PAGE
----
Making meadows at the White Cliffs of Dover
As Britain marks National Meadows Day, we're proud to announce that we've transformed an area of farmland on the White Cliffs of Dover into a wildlife haven full of wild flowers, butterflies and rare birds.
Thank you for making this possible. We couldn't have done it without your help.
The work to restore the land to its natural grassland state has dramatically changed the landscape, two and half years after you helped us save it for the nation by contributing to a £1million public fundraising appeal we led with the late Dame Vera Lynn. We'd like to give a special thanks to the 20,000-plus members and supporters who helped us achieve this.
The Wanstone site, which lost a lot of wildlife through being intensively farmed since the Second World War, is now full of colour and life. Thanks to your generous donations several rare birds such as skylark, corn bunting, partridge and meadow pipit are now on the rise.
It is hoped that the new habitat, which is already home to marbled white and red admiral butterflies, will also support rarer chalkland species such as Adonis blue and dingy skipper butterflies.
" To see the fields returning to their natural state, covered in poppies and ringing with the sound of skylarks, is really heartening. It’s a tribute to everyone who supported our campaign and helped us buy back this landscape for the nation."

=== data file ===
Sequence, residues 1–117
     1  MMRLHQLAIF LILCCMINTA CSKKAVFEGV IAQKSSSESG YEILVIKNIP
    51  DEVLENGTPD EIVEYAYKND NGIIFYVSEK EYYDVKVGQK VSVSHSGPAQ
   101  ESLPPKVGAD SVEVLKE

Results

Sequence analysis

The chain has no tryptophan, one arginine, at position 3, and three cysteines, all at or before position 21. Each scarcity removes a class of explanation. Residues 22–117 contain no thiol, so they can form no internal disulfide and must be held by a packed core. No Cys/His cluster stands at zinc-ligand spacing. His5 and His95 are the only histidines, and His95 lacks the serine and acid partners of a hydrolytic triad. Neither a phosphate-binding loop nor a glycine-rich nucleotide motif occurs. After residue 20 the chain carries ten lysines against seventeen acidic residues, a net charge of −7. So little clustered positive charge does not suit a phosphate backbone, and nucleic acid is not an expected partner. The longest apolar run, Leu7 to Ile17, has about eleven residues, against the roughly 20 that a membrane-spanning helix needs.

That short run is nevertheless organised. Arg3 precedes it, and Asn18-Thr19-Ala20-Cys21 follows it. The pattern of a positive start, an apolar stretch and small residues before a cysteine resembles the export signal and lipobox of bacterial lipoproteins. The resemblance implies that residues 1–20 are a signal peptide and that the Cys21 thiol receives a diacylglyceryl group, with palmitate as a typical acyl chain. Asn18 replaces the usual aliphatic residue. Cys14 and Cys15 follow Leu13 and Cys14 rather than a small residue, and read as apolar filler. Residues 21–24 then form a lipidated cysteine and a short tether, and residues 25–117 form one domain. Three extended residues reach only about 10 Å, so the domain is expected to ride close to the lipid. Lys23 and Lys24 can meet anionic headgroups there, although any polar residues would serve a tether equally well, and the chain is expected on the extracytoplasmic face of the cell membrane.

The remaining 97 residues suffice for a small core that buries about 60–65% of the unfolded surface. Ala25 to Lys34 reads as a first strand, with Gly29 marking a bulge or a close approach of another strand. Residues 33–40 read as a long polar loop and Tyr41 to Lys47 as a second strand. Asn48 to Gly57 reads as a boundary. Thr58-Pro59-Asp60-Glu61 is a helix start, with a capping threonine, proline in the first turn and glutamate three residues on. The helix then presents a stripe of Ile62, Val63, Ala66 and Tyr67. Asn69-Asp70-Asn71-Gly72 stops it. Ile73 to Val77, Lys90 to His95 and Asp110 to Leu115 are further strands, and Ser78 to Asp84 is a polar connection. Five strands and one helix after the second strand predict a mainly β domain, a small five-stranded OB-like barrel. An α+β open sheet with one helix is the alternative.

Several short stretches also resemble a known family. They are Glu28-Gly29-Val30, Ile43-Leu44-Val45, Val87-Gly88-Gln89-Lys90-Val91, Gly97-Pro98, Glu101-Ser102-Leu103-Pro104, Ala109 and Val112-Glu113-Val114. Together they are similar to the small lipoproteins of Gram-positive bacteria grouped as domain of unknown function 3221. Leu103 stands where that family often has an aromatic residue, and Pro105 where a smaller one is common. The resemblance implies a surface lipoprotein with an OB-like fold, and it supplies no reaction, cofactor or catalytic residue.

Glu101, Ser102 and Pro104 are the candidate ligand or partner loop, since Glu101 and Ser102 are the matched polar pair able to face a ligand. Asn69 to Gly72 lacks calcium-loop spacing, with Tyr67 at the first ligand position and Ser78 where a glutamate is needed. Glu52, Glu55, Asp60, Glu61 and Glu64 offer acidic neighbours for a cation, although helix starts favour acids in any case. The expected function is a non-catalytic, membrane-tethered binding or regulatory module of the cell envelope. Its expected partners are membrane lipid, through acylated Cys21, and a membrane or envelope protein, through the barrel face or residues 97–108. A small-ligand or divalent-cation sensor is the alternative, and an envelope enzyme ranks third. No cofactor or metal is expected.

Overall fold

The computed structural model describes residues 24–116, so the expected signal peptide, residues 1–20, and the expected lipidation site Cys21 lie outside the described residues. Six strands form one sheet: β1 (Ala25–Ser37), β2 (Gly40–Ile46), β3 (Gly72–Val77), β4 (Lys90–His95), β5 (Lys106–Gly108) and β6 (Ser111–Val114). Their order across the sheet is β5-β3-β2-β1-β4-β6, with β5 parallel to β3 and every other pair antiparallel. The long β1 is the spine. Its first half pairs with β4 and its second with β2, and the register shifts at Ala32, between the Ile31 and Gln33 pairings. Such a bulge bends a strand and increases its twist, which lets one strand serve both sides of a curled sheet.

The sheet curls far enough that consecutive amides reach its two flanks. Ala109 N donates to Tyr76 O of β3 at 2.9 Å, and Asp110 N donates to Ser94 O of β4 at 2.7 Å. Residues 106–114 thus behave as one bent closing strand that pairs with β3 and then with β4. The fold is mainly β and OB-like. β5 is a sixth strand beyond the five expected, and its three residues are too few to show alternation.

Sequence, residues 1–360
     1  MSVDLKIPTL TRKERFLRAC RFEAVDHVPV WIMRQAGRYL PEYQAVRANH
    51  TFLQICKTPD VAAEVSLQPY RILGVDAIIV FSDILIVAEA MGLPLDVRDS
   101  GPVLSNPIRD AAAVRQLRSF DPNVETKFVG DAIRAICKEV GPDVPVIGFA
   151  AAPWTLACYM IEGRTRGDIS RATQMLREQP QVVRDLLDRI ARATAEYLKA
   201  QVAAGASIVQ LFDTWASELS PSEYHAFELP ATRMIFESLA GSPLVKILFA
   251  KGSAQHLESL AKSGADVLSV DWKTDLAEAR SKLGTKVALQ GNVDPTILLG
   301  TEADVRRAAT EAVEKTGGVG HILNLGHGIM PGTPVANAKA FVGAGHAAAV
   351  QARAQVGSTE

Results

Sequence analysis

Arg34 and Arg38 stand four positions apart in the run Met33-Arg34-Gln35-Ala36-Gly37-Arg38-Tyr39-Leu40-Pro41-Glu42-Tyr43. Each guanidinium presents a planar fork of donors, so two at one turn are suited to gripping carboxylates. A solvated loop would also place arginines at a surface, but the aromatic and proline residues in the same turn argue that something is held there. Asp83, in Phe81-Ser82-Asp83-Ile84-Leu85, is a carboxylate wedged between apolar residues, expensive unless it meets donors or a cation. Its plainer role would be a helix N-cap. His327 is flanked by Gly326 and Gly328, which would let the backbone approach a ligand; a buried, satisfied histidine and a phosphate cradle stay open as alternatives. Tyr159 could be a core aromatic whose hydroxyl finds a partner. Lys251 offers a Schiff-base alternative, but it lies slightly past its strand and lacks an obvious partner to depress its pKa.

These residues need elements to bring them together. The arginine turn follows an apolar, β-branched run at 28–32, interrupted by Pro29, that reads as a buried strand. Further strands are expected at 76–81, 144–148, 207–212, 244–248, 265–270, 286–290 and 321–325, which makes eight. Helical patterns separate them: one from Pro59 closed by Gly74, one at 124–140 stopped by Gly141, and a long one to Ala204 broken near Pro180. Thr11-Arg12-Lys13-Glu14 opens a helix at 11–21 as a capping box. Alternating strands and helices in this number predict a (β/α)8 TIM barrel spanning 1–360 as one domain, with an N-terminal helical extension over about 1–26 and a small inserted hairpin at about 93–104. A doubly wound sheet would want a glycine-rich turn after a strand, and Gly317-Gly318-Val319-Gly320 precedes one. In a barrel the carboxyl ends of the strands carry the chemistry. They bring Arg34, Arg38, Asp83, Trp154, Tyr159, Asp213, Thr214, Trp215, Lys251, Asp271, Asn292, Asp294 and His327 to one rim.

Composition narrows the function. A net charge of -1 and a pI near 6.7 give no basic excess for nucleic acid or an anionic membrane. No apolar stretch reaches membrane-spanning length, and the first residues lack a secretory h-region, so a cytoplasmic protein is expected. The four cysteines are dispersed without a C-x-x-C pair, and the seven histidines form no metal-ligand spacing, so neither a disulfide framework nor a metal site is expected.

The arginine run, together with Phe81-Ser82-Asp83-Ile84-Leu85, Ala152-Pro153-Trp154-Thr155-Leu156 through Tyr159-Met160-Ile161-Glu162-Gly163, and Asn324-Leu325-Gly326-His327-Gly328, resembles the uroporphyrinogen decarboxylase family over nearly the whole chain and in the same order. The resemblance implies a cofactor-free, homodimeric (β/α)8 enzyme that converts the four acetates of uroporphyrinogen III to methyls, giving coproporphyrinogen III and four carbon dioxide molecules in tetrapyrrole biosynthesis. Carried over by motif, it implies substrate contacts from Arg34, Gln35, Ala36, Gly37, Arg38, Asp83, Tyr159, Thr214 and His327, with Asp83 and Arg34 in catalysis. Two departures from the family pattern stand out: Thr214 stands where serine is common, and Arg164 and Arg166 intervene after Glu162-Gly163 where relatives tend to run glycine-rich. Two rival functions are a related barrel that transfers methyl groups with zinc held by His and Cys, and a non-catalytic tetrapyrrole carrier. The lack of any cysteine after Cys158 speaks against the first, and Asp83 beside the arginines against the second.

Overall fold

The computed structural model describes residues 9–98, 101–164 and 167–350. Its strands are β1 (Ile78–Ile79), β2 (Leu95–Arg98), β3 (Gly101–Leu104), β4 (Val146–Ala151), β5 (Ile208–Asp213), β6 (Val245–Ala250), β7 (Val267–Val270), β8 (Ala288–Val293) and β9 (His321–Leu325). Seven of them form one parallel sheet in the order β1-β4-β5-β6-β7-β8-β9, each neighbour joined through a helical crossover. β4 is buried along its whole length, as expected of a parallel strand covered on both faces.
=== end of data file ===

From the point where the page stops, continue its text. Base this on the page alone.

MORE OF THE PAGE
How you helped us to get White Cliffs to 'bloom again'
In the spirit of poignant lyrics sung by Dame Vera Lynn ‘there will be bluebirds over the White Cliffs of Dover’ and ‘the valley will bloom again’, with your help we've restored this much-loved landscape back to health.
Since the 70-hectare site came under our care in 2017, work has been carried out to reverse 70 years of intensive agriculture, which has taken its toll on the land and the wildlife that depends on it.
A ‘bumblebird’ seed mix was sown in the autumn to provide food for the birds through the winter and create nectar-rich plants for pollinators in the summer. Other fields were planted with wild flowers, grasses and cereal to give cover for nesting birds and help create a mosaic of habitats across the Cliffs. Helped by a wet winter in 2019, this has resulted in an explosion of colour, including a sea of red poppies.
Barley was sown to remove some of the nutrients from the soil. This is because wild flowers on chalk grassland typically thrive on low-nutrient soil. Plants now growing include common vetch, bird’s-foot trefoil, crimson clover, yellow rattle, lady’s bedstraw, ox-eye daisy, meadow buttercup and self heal.
Image credit: Matt Hayward